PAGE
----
The humanitarian situation in conflict-torn Syria is deteriorating even further amid reports that the city of Idleb has fallen to anti-government insurgents, a senior United Nations relief official has warned.
“I am gravely concerned by the ongoing fighting taking place in Idleb governorate and its possible impact on hundreds of thousands of civilians,” Yacoub El Hillo, the UN Humanitarian Coordinator in Syria, declared in a press release.
“I appeal to all parties to this conflict to adhere to their obligations to protect civilians and all humanitarian personnel under International Humanitarian Law and Human Rights Law.”
Last weekend, Idleb, located in northwest Syria, reportedly fell under the control of a coalition of anti-government armed groups, according to the UN Office for the High Commissioner (OHCHR). The city was subsequently shelled by Government airplanes, resulting in the deaths of at least 15 civilians. The Syrian Air Force then expanded its raids throughout the governorate of Idleb, attacking the towns of Sarmin, Mantaf and Nayrab.
At a press briefing in Geneva today, OHCHR confirmed it had received reports of civilian casualties resulting from these attacks but could not yet verify the number of dead and injured.
In his press release yesterday, Mr. El Hillo cautioned that the situation in Idleb had become “increasingly dire” with electricity shortages and the closure of schools and hospitals. In addition, the city’s estimated 500,000 inhabitants remain in the city as fighting intensifies.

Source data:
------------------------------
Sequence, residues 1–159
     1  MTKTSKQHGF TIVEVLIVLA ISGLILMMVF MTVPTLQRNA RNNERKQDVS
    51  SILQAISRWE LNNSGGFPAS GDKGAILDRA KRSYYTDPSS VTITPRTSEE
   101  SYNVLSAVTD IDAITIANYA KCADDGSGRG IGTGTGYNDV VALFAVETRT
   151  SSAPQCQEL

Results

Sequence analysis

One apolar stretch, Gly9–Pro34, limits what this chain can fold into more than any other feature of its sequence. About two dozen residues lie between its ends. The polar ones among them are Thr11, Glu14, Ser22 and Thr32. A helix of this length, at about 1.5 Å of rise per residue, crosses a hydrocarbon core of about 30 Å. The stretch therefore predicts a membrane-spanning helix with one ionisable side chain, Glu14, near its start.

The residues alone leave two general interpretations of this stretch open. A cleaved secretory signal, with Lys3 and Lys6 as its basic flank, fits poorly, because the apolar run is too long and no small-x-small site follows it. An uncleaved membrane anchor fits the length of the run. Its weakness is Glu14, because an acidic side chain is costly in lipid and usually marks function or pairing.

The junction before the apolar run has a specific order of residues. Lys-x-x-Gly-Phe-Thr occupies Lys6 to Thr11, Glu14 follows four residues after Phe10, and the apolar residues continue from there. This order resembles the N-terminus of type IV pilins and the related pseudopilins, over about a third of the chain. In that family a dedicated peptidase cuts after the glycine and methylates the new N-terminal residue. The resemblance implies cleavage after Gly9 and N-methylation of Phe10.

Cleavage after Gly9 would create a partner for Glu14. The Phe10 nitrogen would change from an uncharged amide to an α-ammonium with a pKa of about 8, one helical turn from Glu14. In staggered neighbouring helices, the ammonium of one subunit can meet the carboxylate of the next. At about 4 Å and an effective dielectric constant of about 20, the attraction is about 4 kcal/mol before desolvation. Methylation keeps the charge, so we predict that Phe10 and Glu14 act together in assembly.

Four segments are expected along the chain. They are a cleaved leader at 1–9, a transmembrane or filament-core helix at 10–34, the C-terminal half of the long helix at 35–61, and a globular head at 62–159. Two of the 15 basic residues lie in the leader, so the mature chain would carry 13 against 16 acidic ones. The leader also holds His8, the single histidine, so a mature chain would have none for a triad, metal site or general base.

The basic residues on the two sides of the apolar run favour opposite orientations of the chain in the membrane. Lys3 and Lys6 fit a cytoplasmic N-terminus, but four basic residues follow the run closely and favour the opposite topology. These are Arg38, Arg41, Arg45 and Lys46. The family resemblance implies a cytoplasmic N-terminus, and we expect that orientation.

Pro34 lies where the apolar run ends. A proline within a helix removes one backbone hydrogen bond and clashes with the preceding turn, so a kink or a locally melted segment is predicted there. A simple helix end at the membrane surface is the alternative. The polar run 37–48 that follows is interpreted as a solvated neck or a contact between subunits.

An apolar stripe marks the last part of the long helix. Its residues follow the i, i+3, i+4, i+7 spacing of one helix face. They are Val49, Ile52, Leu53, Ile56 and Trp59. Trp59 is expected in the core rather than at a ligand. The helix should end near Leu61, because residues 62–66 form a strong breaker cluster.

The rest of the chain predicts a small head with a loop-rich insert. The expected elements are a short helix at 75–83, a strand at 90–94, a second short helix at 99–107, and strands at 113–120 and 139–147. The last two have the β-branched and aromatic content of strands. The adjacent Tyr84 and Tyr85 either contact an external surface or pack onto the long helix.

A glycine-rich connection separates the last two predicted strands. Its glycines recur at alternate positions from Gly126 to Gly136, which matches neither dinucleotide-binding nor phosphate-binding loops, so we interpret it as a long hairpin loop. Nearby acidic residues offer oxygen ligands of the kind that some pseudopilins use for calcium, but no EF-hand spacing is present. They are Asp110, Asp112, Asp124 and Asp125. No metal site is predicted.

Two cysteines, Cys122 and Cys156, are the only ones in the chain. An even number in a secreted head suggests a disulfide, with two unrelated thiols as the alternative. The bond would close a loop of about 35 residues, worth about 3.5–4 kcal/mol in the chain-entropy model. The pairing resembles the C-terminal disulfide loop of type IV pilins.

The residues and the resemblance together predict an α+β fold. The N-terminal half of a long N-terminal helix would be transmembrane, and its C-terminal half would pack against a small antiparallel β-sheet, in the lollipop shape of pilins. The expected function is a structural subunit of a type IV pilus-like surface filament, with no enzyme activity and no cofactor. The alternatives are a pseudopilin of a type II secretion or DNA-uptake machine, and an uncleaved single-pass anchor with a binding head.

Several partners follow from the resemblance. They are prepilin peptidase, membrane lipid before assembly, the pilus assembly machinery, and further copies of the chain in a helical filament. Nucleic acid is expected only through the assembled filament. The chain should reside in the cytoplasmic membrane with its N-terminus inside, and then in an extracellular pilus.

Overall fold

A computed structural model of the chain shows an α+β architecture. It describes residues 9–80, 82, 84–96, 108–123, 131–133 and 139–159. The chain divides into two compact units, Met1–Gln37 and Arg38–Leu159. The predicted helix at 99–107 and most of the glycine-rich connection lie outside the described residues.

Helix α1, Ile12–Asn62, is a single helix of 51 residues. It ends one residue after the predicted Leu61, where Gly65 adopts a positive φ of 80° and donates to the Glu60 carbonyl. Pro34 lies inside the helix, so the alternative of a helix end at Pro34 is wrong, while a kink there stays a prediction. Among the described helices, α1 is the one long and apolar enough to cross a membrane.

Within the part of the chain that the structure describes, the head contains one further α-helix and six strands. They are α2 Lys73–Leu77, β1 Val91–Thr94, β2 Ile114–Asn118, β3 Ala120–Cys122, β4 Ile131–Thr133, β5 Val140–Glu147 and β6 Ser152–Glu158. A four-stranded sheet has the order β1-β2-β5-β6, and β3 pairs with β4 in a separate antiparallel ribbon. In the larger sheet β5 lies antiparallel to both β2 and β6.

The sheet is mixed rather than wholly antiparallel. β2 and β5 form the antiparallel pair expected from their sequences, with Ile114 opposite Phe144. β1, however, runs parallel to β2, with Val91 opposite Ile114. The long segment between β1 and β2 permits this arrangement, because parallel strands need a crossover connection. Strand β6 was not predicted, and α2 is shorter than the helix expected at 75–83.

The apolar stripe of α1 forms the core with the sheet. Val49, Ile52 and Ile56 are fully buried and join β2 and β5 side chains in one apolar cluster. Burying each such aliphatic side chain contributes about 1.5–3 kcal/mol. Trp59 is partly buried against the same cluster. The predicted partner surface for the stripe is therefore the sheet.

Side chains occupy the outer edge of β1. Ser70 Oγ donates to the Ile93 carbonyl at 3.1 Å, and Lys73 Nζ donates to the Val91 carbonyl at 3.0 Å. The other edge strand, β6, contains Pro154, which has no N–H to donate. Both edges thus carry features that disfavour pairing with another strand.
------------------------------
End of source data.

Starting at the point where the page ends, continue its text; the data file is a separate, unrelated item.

“I appeal to all parties to de-escalate hostilities and to allow humanitarian actors to deliver urgently needed life-saving help, which can offer some reprieve from the daily suffering Syrians face,” Mr. El Hillo continued. “While humanitarian actors continue to scale-up assistance, their efforts cannot be a substitute for a political solution to the crisis in Syria.”
Meanwhile, in its briefing today from Geneva, the OHCHR added its concern about threats by armed opposition leaders to attack the predominately Shi’ite villages of Al-Fu’ah and Kafraya.
The reports come as the situation in Syria continues its downwards spiral. Some 12.2 million people, including 5.6 million children, now need humanitarian assistance. By conservative estimates, more than 220,000 Syrians have died in the conflict, but that number is likely much higher. Four out of five Syrians live in poverty and the country has lost nearly four decades of human development, with unemployment at over 50 per cent. Life expectancy has been cut by 20 years.